Pertinent to this matter is the status of the Houlton Band of Maliseet Indians under the MIA and MICSA. When enacting the MIA, the Legislature made its intent clear "that in contrast to the arrangement with the Passamaquoddy and the Penobscots, ' [t]he Houlton Band ... will be wholly subject to the laws of the State.'" Aroostook II, 484 F.3d at 45 (quoting 30 M.R.S. § 6202). Although the MIA did not extend benefits to the Houlton Band of Maliseet and the Houlton Band was not a party to the land settlement between the State, the Passamaquoddy, and the Penobscot, Congress did extend federal recognition to the Houlton Band of Maliseet and provided $900, 000 in expenditures for a land acquisition fund to be held in trust for the Houlton Band of Maliseet.[4]See 25 U.S.C. §§ 1721, 1725(i), 1724(d)(1). Congress also made a point to state that it was ratifying the MIA. Id. § 1721(b)(3); see also S. Rep. No. 96-957, at 44 (1980) ("Under the circumstances, the Committee believes the Maine Implementing Act should be ratified without modification.").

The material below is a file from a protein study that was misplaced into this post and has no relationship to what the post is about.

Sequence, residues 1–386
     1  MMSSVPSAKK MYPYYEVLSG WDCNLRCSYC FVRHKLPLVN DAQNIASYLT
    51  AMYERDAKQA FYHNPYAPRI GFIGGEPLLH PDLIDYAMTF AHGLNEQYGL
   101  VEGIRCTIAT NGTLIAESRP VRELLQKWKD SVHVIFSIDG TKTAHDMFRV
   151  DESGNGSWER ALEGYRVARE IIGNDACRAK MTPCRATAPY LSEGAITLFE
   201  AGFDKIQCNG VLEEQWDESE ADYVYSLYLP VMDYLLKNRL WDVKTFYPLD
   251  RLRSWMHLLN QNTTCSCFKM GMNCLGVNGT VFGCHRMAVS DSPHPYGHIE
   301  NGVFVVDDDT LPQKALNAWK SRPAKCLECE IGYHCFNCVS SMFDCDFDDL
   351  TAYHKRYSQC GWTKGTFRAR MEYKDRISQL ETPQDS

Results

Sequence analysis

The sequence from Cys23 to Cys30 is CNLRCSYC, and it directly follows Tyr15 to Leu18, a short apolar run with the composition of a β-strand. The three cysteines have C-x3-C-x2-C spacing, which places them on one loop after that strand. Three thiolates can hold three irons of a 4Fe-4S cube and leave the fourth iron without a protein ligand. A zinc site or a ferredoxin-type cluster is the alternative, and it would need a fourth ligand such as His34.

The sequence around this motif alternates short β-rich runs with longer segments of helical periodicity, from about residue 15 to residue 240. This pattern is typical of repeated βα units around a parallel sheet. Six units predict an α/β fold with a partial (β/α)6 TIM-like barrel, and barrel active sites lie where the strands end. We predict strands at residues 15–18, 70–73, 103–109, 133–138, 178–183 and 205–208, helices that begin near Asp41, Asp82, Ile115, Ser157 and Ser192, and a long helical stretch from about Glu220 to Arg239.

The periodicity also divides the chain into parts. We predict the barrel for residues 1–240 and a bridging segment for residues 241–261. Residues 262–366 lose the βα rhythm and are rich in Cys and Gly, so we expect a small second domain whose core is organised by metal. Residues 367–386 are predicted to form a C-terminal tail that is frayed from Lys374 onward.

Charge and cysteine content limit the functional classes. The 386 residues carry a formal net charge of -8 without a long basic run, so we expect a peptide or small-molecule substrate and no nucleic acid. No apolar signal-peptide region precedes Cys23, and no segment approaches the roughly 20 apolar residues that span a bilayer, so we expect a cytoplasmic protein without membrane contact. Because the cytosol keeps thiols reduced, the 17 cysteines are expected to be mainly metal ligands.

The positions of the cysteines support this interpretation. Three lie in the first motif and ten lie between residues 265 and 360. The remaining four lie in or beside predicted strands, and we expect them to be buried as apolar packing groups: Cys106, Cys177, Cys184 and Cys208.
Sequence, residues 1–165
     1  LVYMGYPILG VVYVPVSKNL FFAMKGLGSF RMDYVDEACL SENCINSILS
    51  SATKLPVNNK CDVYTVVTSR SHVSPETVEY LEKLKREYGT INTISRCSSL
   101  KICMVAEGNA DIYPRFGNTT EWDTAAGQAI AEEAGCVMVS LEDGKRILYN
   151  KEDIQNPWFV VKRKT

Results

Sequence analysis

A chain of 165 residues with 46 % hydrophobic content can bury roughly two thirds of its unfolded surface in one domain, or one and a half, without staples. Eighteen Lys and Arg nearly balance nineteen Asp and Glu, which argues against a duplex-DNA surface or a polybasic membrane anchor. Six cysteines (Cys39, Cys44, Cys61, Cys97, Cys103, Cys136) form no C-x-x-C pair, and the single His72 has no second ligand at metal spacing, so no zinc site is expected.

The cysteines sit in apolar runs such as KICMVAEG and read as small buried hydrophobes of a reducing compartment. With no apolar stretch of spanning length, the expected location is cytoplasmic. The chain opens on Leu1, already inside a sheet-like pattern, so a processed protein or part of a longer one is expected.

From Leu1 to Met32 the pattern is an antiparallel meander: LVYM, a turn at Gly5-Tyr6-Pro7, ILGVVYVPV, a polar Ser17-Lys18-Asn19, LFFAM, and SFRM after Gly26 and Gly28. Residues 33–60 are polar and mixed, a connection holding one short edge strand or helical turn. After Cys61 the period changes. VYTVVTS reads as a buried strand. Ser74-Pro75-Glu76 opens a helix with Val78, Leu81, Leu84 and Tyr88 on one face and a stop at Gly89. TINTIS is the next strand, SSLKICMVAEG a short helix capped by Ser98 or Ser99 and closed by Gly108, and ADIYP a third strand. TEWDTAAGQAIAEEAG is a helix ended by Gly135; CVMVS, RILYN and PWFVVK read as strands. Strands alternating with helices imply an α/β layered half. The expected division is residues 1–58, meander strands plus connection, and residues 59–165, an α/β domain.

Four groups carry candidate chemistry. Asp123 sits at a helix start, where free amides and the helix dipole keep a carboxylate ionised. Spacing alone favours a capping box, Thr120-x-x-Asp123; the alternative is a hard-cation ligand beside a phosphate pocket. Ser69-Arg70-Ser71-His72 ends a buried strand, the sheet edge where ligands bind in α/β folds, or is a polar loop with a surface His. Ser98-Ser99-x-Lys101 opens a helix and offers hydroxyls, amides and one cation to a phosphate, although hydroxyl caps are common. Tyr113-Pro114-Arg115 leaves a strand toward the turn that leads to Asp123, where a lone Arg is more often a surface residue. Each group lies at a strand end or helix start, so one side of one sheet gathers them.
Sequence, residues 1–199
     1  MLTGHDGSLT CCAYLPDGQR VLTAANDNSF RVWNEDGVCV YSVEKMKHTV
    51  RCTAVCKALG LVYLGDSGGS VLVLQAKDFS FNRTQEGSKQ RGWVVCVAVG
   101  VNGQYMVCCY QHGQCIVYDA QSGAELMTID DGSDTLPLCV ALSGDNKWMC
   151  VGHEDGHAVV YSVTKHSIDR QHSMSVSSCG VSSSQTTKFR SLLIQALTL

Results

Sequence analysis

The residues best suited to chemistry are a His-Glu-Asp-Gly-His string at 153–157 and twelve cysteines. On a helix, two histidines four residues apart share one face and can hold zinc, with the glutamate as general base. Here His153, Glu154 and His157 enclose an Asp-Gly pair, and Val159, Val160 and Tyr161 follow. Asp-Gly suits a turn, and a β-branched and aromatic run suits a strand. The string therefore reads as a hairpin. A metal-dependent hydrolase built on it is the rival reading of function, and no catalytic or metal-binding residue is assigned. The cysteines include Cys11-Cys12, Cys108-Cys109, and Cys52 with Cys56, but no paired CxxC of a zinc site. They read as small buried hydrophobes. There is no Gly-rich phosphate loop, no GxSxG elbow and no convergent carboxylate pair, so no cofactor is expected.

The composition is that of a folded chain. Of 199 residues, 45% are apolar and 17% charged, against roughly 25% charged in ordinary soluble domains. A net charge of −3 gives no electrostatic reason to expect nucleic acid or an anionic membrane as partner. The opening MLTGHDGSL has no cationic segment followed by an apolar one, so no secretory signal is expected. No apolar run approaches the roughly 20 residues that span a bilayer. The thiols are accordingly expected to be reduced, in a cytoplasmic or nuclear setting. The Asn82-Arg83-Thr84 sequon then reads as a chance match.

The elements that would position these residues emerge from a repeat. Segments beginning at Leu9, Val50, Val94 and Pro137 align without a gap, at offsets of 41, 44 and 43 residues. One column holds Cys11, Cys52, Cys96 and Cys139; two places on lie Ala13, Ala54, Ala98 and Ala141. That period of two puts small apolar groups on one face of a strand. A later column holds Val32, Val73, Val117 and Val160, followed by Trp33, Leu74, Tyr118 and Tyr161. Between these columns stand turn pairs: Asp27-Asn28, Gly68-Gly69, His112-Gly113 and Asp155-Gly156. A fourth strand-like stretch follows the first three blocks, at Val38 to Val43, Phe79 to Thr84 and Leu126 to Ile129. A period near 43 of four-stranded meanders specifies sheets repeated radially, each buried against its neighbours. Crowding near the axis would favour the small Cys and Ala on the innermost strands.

One important aspect of the enacted version of the MIA was the Legislature conditioning effectiveness of the MIA on Congress enacting legislation that "ratif[ied] and approv[ed] [the MIA] without modifications . . . ." P.L. 1979, c. 732, § 31. Defendant argues the provisions that Congress made for the Houlton Band of Maliseet in MICSA "modified" the MIA, meaning it never properly became effective. This is a proposition that this Court finds is not supported by the evidence or the analysis by other courts.